Tales from the Shtetl: Why Root For Bad Teams?

SadBrownsFan

I have a coworker named Laura, who is a truly compelling person. She recently graduated with an MBA, is exceptionally gregarious, comes from a large Irish Catholic family, and is brilliant with children. She taught me the phrase and mindset, “set the child up for success.” She is also (perhaps ironically considering the mantra that she gave me) a Cleveland Browns fan. There are untold numbers of otherwise unique and complete people who also spend their time and energy following, supporting, and watching bottom-dwelling franchises.

This is a topic that has confounded me for some time: why do people invest their energy in teams that disappoint them? I had my own hypothesis, but I also asked Laura why she roots for the Browns. “It’s part of my identity,” she said. “Cleveland is my hometown, I’m not going to root for anyone else, and I want to have pride in where I come from. Even if the team is bad, the Browns are still a part of me.”

This sentiment about maintaining a sense of pride in one’s hometown through local sports was echoed by my friend Doug, a Redskins fan. I asked him why he stayed a Redskins fan despite their franchise problems. “I’m very much still a DC-first person at heart…. A lot of it just ties to the fact that I’m a native of the city and I always want to see the teams of this area win. And get the people from here some good times. Especially when we have such a unique status and culture between a predominantly black city and a city with no congressional representation.”

I think of myself, as a Jets fan. I was born in upstate New York, and my father was a Jets fan. We moved to Maryland when I was young, just as I was starting to become interested in sports. And despite the franchise’s incompetence over the past 45 years or so, I can look to the bond I have with my family, galvanized by our shared fandoms, as a source of pride. We feel that our fandom is a special relationship. And it is. It sets me apart, in a smaller minority, from all the Redskins fans and Giants fans and Cowboys fans and Steelers fans in the DC intake of people from all across America. I have a tie to a team with a smaller portion of the fandom market. It allows the failings of the Jets to get overlooked, when compared to the failings of the bigger teams.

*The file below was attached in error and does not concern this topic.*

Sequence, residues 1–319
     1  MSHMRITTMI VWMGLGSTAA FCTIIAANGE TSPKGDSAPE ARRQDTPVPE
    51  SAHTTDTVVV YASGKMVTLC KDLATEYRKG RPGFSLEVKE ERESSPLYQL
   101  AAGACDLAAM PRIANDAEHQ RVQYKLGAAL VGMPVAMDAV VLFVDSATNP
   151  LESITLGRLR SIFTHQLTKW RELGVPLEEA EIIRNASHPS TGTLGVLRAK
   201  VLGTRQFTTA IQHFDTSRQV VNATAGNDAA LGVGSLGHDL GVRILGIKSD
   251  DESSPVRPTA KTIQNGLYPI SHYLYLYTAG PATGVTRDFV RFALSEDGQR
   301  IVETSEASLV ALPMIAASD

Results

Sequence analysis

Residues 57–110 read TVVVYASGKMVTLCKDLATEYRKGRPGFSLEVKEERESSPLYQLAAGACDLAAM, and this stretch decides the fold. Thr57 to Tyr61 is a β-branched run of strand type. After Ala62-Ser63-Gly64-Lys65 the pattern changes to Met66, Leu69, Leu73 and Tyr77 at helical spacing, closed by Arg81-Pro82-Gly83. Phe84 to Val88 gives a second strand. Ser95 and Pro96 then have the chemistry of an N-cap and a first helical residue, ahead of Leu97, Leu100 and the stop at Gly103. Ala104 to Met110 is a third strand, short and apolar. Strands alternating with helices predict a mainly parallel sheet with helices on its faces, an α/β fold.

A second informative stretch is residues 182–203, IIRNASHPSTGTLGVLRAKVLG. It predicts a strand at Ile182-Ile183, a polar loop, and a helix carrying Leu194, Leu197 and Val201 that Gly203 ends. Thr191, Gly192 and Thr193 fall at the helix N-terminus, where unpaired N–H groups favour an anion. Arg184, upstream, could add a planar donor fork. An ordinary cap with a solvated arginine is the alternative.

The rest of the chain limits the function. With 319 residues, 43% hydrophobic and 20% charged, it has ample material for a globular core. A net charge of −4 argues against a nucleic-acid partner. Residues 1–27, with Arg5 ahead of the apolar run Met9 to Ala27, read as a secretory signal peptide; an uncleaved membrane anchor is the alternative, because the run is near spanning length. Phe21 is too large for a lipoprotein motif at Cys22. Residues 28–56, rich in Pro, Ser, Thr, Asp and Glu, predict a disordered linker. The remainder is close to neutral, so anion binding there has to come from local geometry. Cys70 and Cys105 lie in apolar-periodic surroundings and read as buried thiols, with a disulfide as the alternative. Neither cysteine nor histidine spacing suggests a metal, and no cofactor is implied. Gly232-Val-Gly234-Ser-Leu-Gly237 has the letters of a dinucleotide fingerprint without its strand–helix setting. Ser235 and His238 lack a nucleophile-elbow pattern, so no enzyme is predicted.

I look at the way the Redskins treat their fans and the media, and think, “well, at least my team isn’t THAT bad.” My friend Doug put his relationship to the Redskins’ management woes succinctly: “I root for them to more and more begrudging levels when we consider the racist name, abhorrent owner, and incompetent management. It’s to the point where I root from them with a little more distance between myself and them.” But if I am honest with myself, I have no knowledge if the Jets’ management on a day-to-day level are as bad as the Redskins, since I get to keep their failings at a distance. I root for the team, but I need not consume all the information about them. I get to maintain the sense of loyalty and identity from a safe distance, at an intensity level that is comfortable for me. That is a relatively low intensity level, as I have little expectation of the Jets winning a Super Bowl in the near future. But it does not hurt to dream.

If fandom is, at its most extreme, about identity (and not necessarily about the team and its success) then one’s fandom, as a byproduct of where an individual comes from, is a core part of one’s identity. Moreover, if one’s team is bad, then all the fans of that team who remain are compelled by a sense of loyalty. To leave when the team is at its most vulnerable would be disloyalty, and a departure from the fanbase. One would lose a small part of their identity. And those who stay, may generate the benefits of loyalty through difficult times: a sense of superiority over those fans who have left, and over those fans who bandwagon upon other teams. This sense of moral superiority is only bolstered by a Messianic hope of a change in fortune for the team.

But this is just my thought experiment about the possibilities of what Laura told me. I’m not sure any fan would tell anyone else, to their face, that they possess a moral superiority because they are loyal. However, in light of our political times, we must be keen upon the depths to which identity affects us as individuals. How we hold these aspects of identity so dear, how they are expressed in our values. Fandom, increasingly, is a representation of our identity, alongside religion, race, and class, because it can reflect all of these markers of identity, as well as where we come from and where we live.

I would not overstate the role of fandom within identity- fandom is not universal to everyone. But to be a fan of a bad team, just as being a bandwagon fan, is an action related to an expression of a particular set of values. If we think critically about the way we support our teams, about our relationship to them from the point of view as fans, I believe that we can learn much more about ourselves in the process.

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